The Contribution of Gut Microbiota–Brain Axis in the Development of Brain Disorders

Jessica Maiuolo, Micaela Gliozzi, Vincenzo Musolino, Cristina Carresi, Federica Scarano, Saverio Nucera, Miriam Scicchitano, Francesca Oppedisano, Francesca Bosco, Stefano Ruga, Maria Caterina Zito, Roberta Macri, Ernesto Palma, Carolina Muscoli, Vincenzo Mollace

Research output: Contribution to journalReview articlepeer-review


Different bacterial families colonize most mucosal tissues in the human organism such as the skin, mouth, vagina, respiratory, and gastrointestinal districts. In particular, the mammalian intestine hosts a microbial community of between 1,000 and 1,500 bacterial species, collectively called “microbiota.” Co-metabolism between the microbiota and the host system is generated and the symbiotic relationship is mutually beneficial. The balance that is achieved between the microbiota and the host organism is fundamental to the organization of the immune system. Scientific studies have highlighted a direct correlation between the intestinal microbiota and the brain, establishing the existence of the gut microbiota–brain axis. Based on this theory, the microbiota acts on the development, physiology, and cognitive functions of the brain, although the mechanisms involved have not yet been fully interpreted. Similarly, a close relationship between alteration of the intestinal microbiota and the onset of several neurological pathologies has been highlighted. This review aims to point out current knowledge as can be found in literature regarding the connection between intestinal dysbiosis and the onset of particular neurological pathologies such as anxiety and depression, autism spectrum disorder, and multiple sclerosis. These disorders have always been considered to be a consequence of neuronal alteration, but in this review, we hypothesize that these alterations may be non-neuronal in origin, and consider the idea that the composition of the microbiota could be directly involved. In this direction, the following two key points will be highlighted: (1) the direct cross-talk that comes about between neurons and gut microbiota, and (2) the degree of impact of the microbiota on the brain. Could we consider the microbiota a valuable target for reducing or modulating the incidence of certain neurological diseases?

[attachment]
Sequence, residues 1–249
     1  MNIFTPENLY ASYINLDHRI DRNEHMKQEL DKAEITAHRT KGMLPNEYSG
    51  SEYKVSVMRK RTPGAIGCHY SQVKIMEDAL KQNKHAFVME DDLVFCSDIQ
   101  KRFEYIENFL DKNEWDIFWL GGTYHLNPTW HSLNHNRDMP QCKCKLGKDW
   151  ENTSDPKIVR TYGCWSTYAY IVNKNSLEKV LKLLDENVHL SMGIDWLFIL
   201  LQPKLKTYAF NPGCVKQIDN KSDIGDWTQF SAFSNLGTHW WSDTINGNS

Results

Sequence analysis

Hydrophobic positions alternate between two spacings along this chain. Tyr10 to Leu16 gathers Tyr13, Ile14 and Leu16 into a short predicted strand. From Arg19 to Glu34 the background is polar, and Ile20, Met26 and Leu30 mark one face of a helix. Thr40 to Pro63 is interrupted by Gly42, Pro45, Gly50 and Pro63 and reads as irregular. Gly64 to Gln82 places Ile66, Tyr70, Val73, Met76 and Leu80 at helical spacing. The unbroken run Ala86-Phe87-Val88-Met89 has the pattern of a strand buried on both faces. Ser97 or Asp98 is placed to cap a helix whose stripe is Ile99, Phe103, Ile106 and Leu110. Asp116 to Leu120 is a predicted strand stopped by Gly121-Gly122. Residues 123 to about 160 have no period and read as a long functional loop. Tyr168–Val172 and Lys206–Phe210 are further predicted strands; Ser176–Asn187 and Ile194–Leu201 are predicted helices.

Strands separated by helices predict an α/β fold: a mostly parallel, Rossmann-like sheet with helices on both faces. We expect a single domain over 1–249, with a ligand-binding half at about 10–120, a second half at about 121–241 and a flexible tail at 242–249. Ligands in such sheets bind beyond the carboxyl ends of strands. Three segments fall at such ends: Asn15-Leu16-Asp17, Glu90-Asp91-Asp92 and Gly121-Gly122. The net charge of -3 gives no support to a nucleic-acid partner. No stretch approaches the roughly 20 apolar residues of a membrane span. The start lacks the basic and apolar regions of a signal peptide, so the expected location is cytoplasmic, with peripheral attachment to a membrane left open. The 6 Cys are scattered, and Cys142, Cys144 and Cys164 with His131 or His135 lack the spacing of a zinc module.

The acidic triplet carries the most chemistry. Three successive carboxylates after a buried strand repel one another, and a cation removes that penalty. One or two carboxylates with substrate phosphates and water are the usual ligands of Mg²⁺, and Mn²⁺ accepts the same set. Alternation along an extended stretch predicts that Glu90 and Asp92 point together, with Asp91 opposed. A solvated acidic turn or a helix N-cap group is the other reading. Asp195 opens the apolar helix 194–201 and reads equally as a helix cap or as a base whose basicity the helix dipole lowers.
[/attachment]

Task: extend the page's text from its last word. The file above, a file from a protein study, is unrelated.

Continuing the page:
Original languageEnglish
Article number616883
JournalFrontiers in Neuroscience
Publication statusPublished - Mar 23 2021
Externally publishedYes


  • anxiety and depression
  • autistic spectrum disorders
  • enteric nervous system
  • gut microbiota
  • gut microbiota-brain axis
  • multiple sclerosis
  • neurological disorders

ASJC Scopus subject areas

  • Neuroscience(all)


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